ABILENE, Texas - Abilene's police chief expressed concern Monday that a grand jury has yet to consider the alleged mishandling of a highly publicized 2012 child death case by a state child welfare agency.
"I am concerned with the length of time it has taken to bring this case to grand jury," Chief Stan Standridge told KTXS. "I have shared my concerns with (District) Judge (Lee) Hamilton."
State Child Protective Services has been under fire for how some of its workers handled the case before and after 22-month-old Tamryn Klapheke died from severe neglect in August 2012.
Her mother, Tiffany, in February was sentenced to 30 years in prison for her role.
On Monday, the special prosecutor in the case – McClennan County District Attorney Abelino "Abel" Reyna – said additional time has been required to make a careful review of the case "due to the sheer volume of documents, reports, and information – and the serious nature of the allegations."
In an email, Reyna said he is "more concerned with a quality and thorough review of the case rather than a specific timetable."
"I'm sure Chief Standridge and Judge Hamilton would feel the same," Reyna said in an email.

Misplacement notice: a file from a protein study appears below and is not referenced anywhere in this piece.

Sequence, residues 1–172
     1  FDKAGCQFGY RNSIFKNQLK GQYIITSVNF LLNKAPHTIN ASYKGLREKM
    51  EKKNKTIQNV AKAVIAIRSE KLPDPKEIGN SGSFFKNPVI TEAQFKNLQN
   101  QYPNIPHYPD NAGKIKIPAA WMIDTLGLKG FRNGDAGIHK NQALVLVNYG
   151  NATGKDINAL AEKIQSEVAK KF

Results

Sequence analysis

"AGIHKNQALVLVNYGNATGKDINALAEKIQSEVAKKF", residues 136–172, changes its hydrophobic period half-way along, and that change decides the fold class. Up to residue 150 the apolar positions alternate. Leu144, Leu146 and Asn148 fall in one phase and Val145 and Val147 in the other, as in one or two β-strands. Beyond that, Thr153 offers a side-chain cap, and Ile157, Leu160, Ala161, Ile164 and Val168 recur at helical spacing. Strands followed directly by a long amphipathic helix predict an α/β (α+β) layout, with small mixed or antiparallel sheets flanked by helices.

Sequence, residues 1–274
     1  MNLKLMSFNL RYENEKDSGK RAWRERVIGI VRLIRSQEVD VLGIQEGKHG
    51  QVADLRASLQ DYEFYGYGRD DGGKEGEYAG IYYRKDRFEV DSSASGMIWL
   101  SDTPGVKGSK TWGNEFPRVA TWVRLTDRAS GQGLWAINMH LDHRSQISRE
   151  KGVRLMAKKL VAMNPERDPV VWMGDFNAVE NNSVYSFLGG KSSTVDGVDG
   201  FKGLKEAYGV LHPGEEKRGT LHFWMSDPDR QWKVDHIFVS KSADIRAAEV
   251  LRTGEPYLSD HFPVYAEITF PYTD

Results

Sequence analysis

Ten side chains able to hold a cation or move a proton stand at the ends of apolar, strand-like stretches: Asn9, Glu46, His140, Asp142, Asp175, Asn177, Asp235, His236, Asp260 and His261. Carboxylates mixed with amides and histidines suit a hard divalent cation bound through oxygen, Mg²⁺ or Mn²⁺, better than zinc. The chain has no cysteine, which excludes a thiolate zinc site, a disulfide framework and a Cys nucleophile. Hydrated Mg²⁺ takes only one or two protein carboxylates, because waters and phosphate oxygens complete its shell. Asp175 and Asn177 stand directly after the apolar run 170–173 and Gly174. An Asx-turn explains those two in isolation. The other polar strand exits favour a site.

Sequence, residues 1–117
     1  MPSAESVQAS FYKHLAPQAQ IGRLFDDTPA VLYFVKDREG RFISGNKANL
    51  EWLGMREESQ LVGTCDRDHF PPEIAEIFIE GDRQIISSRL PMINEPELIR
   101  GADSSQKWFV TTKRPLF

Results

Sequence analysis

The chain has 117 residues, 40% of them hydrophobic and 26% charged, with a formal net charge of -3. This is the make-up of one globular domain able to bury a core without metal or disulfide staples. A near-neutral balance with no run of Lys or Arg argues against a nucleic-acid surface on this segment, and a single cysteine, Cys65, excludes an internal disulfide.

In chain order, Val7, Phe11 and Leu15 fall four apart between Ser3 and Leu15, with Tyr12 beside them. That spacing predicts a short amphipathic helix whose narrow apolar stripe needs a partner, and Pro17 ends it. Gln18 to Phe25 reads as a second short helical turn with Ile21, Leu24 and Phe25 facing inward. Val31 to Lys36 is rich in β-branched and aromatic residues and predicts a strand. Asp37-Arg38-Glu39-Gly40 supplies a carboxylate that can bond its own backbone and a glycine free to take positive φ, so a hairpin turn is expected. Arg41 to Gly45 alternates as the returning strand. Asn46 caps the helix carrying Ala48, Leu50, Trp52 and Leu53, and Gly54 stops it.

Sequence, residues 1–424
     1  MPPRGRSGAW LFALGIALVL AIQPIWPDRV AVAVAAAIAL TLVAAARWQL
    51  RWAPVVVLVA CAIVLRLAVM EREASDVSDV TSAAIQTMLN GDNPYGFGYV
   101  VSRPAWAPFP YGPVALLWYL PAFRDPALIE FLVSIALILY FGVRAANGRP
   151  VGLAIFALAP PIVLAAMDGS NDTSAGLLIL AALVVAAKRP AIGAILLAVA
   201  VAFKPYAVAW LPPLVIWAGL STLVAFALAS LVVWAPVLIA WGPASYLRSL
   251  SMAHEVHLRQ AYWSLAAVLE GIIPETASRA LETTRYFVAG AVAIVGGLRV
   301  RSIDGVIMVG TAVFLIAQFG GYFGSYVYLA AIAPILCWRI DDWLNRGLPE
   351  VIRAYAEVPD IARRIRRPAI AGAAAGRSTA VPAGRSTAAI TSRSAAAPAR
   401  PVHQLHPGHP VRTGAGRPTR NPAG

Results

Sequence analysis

In addition, Reyna said, "I will not comment on anything with respect to the grand jury."
Hamilton of the 104th District Court in Taylor County issued the order appointing the McLennan County District Attorney's Office (Waco) as special prosecutor.
In April, Standridge – whose agency investigated the death of the malnourished toddler – said he hoped the grand jury would take up the matter in May.
Now, three months later, the case still hasn't gone to the grand jury.
Ex-Commissioner Howard Baldwin, who oversaw the Texas Department of Family and Protective Services when the Abilene police probe into the alleged mishandling of the Klapheke case began, announced his resignation in November 2012 – just two months after the death of Tamryn Klapheke.
Tamryn reportedly died six days after CPS closed an investigation of medical neglect on the Klapheke family – without the mandatory final visit of the home. During Tiffany Klapheke's trial, Tiffany admitted in a taped police interview that she had failed to feed Tamryn as often as she should have and had not changed Tamryn's diaper for several days.
While Abilene police named former CPS supervisors Gretchen Denny, Bit Whitaker and Barbara McDaniel as suspects in the investigation before police handed the case over to the McClennan County DA's Office, it is unclear which names will be submitted to grand jury.
Whitaker and Denny were put on paid administrative leave for several months during the early stages of the investigation. Whitaker later resigned and Denny was dismissed. Attorneys for Whitaker and Denny made motions to protect the pair from testifying in Klapheke's February trial because of the pending investigation of CPS.
McDaniel was allowed to continue with CPS in a clerical position in the Permian Basin in September 2013; however, KTXS learned earlier this year that she was once again a supervisor.
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